Harrogate 69-14 Vale of Lune: Debutants do club proud despite defeat

On the second day of the official meteorological spring, there was no “Beast from the East” forecast but Harrogate whipped up an 11-try mini cyclone against a Vale squad which only contained six of the players who had faced Lymm on February 16.

By The Newsroom
Tuesday, 5th March 2019, 11:31 am
Updated Tuesday, 5th March 2019, 12:32 pm
Sam Wallbank. Picture: Tony North
Sam Wallbank. Picture: Tony North

So for the second time within a month, Vale ventured into White Rose territory without a number of their regular shield and spear carriers and they again paid a heavy price.

Pre-match there was a general air of foreboding, the heavy defeat at Hull was seared in the memory, as to how the draftees would perform in a combat zone that was at a much higher level than they were used to operating in.

It was severe test for all concerned, none more so than those making their debut, Dom Griffiths, Lee Starkey, Alfie Bolton and Harry Vause – but they rose to the challenge and gave their all against a well organised, fleet-footed Harrogate side.

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The hosts never looked in danger and could perhaps be forgiven for taking their foot off the pedal in the second half after turning round with a convincing 43-7 lead.

However, credit must be given to Vale for their second half performance, not only taking the game to Harrogate but making their opponents work hard for further points.

If Vale’s makeshift side thought they would be given time to ease themselves into the game then they were to be wrong as Harrogate racked-up a host of points in the opening 15 minutes.

They scored 33 points in a five-try blitz, four being converted, as the wheels were knocked off Vale’s axles.

After one minute, winger Andy Lawson sped over, followed quickly by a second from centre Nathan Wyman, who converted both tries.

Next in on the act in the fifth minute was right winger Harry Barnard for an unconverted try. Vale hardly had time to draw breath as did the score board operator.

Scrum half Danny Mathews invested in a slice of the action with a timely dart, his try being converted by Wyman in the 12th minute.

Flanker Martin Dodds secured the bonus point in the 14th minute with a solo try converted by Wyman.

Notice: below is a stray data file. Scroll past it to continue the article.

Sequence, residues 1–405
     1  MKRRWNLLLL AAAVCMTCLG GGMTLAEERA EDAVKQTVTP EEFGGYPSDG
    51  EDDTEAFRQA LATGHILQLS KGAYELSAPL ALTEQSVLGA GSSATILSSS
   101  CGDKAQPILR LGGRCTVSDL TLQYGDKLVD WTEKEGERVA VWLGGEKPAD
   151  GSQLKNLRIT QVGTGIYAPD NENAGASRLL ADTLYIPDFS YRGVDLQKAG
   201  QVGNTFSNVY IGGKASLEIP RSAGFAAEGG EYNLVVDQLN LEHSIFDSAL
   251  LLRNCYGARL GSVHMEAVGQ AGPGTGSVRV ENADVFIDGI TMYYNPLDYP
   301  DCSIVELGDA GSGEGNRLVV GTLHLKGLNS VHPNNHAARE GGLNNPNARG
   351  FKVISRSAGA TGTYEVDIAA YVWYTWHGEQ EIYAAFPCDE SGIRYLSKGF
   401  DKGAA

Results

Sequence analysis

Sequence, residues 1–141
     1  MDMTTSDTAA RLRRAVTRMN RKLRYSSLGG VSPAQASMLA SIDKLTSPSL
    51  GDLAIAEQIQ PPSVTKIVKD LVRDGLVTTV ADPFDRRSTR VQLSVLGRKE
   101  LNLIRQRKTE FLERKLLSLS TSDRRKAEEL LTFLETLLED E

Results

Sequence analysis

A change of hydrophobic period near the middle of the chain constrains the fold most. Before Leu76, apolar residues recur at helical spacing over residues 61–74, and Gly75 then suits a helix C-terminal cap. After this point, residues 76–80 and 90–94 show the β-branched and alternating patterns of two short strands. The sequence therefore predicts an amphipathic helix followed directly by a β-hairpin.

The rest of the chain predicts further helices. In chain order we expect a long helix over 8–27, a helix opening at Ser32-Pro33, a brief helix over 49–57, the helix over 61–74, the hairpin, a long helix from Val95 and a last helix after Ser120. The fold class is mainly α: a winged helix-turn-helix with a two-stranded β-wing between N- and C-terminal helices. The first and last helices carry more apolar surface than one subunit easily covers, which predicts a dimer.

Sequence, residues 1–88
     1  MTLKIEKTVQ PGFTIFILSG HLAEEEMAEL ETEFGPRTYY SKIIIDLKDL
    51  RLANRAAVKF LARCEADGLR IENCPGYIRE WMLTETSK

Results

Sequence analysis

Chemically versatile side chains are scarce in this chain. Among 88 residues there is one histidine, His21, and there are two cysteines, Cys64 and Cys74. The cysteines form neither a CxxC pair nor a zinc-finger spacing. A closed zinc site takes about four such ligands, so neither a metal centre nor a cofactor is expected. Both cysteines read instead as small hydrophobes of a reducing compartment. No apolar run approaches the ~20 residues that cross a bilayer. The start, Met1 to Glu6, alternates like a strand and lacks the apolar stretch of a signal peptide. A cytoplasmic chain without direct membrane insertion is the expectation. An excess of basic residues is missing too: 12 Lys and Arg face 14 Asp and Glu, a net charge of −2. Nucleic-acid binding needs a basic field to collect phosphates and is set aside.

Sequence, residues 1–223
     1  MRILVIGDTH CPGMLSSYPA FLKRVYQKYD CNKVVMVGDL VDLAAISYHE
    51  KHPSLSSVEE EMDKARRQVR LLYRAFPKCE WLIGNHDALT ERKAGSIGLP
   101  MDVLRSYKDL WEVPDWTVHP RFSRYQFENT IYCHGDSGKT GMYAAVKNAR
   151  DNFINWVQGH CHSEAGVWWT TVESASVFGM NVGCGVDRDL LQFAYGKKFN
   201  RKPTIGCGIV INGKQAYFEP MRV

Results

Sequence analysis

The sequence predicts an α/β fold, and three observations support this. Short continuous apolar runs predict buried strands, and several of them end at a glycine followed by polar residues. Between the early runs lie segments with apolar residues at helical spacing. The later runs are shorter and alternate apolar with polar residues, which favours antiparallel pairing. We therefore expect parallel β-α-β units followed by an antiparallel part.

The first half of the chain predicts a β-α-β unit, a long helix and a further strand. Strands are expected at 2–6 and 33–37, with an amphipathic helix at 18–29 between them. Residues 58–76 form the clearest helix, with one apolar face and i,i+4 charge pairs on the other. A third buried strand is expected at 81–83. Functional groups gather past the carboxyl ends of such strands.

Three minutes later, Vale temporally stopped the rot when centre Ben Dorrington crisply finished off a well constructed attack from a line out, stand-off Alex Briggs added the conversion.

There was no time for self congratulation because ‘Gate were soon back shoving the furniture around.

Barnard shot over on the short side for an unconverted try and in the 34th minute, he completed a clinical hat-trick when he bounced away from a quickly-taken tap penalty for another unconverted try which completed the first-half scoring.

Despite the severe first half mauling, Vale began with a spring in their step and a bounce to their as they trapped Harrogate in their own half with some determined forward surges and intelligent use of the ball.

Lock Luke Ford came more into the game, Andy Powers at scrum half linked everything together as the whole team gained in confidence. Harrogate absorbed the pressure and in the 63rd minute centre Luke Russell touched down for an unconverted try.

This was just the trigger Harrogate needed to boost their ambitions.

A try from Sam Fox in the 66th minute was converted by Wyman.

Suddenly the tide was flowing in only one direction and in the 70th minute Luke Riddell waded over, his try being converted by Wyman.

Under severe pressure, Vale then struggled to halt Lawson’s run as the winger neatly topped and tailed the game with a try with Wyman adding the extras.

Vale’s man of the match Sam Wallbank completed an energetic performance with a lone gallop for a late try converted by Alex Briggs.

In the closing minutes there was enough time remaining for Lee Starkey to stretch his legs in a game where the result makes Vale’s tenure in North Premier appears like a mission impossible, while Harrogate continue to snap at the heels of two clubs above them in their battle for a play-off slot.

A study of the squad sheet contains a number of names which are perhaps unfamiliar to first team devotees but it must be emphasised they did not let the club down. The pints they supped later in the evening were well earned.